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The best rejection ever

I was depressed yesterday, and Monday. Really depressed. But last night I decided I wasn’t going to just roll over. I wrote back to the lady who rejected my application and expressed to her passionately that Sean and I are committed to living in Japan. I illustrated for her how I grew to love Japan and to think of it as a home. When I was finished with my arguments, I stated that this would be the last such message I sent her, unless she had questions for me, and I apologized for taking so much of her time.

When she wrote back, it was not to dismiss me outright. Instead, she actually asked questions!

They were hard, pointed questions, but they were good questions, and I was impressed by her frankness. The questions were about Sean, how he feels about Japan, whether or not he speaks Japanese, what he does for a living, and how we felt about living on minimum wage. (She cited a figure in a later message…it’s actually more than minimum wage, but it’s not a princely salary.)

I told Sean what she’d asked and he said, “She’s smart.”

After the questions she elaborated on her point. Many employees have been lost because their families were unhappy living in Japan. She went on to say that I did not really have the experience and skillset she was looking for. She said I was a “potential diamond in the rough”, and that she would prefer that I be chipped out of the rock first, so that her company could then do the polishing.

As you may be able to tell, I’m trying not to quote her directly, as this was a private conversation between the two of us. I’m also not going to say which company it is. But I have to quote one thing that absolutely made my day.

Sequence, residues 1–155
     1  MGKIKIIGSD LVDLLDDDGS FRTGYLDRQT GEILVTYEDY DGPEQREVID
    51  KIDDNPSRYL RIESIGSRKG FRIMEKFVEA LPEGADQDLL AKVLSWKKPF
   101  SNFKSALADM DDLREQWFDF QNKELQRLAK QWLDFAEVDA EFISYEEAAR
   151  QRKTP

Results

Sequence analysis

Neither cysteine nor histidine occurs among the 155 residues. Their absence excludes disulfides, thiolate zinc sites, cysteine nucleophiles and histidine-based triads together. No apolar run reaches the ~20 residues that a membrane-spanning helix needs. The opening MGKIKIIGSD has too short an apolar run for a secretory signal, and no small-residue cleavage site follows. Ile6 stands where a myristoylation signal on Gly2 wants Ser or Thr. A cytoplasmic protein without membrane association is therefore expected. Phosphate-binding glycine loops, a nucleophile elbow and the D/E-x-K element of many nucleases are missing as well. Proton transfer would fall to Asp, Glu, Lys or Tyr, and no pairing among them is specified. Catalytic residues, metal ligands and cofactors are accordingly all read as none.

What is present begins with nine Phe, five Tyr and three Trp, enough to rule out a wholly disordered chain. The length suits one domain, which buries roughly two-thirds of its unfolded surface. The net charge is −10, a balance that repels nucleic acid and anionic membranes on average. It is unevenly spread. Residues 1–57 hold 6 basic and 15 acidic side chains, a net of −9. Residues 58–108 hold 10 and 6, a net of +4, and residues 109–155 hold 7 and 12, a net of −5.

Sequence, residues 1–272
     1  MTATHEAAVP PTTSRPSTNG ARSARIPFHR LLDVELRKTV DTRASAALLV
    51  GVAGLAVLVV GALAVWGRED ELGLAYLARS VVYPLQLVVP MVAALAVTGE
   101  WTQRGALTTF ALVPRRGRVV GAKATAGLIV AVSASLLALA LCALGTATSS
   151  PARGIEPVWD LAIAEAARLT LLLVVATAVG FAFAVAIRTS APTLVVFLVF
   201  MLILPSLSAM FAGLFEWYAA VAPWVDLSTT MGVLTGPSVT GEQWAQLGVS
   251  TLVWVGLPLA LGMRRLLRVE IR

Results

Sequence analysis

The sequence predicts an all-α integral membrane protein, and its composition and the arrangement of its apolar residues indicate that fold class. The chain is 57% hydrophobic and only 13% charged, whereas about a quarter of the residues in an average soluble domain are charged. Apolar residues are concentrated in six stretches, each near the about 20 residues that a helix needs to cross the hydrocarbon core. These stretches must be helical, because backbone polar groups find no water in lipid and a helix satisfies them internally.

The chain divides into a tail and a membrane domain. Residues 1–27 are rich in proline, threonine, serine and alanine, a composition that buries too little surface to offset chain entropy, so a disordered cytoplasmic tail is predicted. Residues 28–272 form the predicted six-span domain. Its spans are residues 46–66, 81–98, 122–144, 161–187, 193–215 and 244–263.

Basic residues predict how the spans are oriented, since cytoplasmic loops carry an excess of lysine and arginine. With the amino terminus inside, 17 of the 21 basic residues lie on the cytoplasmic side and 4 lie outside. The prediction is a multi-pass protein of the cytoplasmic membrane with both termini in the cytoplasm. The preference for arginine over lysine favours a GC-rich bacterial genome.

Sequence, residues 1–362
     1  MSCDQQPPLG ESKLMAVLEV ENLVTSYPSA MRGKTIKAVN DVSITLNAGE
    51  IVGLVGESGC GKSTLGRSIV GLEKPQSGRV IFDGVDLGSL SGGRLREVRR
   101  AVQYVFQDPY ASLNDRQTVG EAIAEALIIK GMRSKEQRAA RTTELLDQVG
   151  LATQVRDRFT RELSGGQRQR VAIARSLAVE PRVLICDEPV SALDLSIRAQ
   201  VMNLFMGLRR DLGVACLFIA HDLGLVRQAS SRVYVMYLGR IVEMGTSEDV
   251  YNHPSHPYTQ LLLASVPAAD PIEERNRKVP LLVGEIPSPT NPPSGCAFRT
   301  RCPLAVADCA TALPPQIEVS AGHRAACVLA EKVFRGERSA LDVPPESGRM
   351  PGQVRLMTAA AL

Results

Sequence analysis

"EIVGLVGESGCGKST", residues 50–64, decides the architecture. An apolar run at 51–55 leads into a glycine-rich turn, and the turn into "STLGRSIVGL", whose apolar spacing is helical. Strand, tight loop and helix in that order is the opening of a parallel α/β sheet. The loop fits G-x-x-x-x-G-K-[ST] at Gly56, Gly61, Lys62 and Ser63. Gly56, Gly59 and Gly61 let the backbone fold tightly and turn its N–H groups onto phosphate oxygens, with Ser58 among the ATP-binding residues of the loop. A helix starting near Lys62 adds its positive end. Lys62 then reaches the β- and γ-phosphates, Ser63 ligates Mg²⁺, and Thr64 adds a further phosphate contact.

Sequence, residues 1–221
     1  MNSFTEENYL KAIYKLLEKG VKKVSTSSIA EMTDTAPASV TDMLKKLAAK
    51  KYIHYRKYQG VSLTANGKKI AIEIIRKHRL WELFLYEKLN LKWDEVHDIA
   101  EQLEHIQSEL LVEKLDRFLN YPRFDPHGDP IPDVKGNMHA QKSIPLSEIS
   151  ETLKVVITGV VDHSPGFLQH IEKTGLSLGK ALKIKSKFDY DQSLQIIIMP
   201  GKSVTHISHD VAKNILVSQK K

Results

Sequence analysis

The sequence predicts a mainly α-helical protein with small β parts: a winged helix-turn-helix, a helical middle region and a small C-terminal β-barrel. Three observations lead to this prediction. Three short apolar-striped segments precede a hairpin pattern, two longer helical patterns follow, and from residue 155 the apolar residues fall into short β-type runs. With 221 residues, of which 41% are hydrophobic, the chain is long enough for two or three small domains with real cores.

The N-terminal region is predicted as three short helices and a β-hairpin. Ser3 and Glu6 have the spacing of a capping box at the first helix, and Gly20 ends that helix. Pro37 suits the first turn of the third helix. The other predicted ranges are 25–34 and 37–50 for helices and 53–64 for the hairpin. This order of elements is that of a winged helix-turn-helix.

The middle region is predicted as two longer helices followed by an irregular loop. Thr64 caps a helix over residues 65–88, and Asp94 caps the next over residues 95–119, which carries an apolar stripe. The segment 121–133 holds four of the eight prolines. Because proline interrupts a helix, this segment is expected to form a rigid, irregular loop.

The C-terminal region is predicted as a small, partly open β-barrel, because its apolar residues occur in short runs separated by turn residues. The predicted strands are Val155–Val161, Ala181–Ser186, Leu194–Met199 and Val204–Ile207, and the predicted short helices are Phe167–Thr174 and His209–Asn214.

I only gave you consideration at all because you wrote a damn fine cover letter and that’s a rare thing to find. I respect the ability to make a case in writing, it’s what I look for and you have done it well.

Ah, my ego, she is satisfied…

I responded to this letter thanking her for her honesty and answering the questions she put to me. By that point I knew I wasn’t going to get the job, but I still wanted to answer her, to keep myself in her thoughts. I was frank in my response, as she was to me. I didn’t shy away from truthful responses, even when they hurt my case. But I did go into Sean’s personality, job, and habits a little, to try and explain why he is willing to move to Japan.

She surprised me with her response.

Rather than simply saying, “Well, thank you, but you’re not the candidate we’re looking for,” she responded to my thoughts with suggestions about how I could parlay Sean’s and my experience into jobs in Japan. Her tone by this point had become very friendly. She told us to enroll Sean in Japanese lessons and get him up to intermediate level within a year, and that if we were able to get over to Japan for a year she would happily reconsider my application at that point. And in her PS, she listed literally dozens of websites that help people get jobs in Japan.

I was amazed and touched by her generosity and kindness. While she couldn’t hire me, she treated me with the utmost respect. She was honest. She told me exactly where I was lacking. And she gave every indication that she believed I am worth something, that I can bring myself up to the level the company needs.

She closed the letter with the following: “in time, maybe we’ll see a good position that matches you open up at [our company]”. I don’t believe that was flattery or an attempt to placate me. Not from someone as frank as this lady.

This is the first time I have ever been rejected for a job and yet felt good about it. I feel like I know where I’m strong and where I need to improve, and I feel that my abilities have been recognized.

It’s a great feeling.

Now, if you’ll excuse me, I’m going to apply for another job. Local this time…extra income so we can afford those Japanese lessons ;>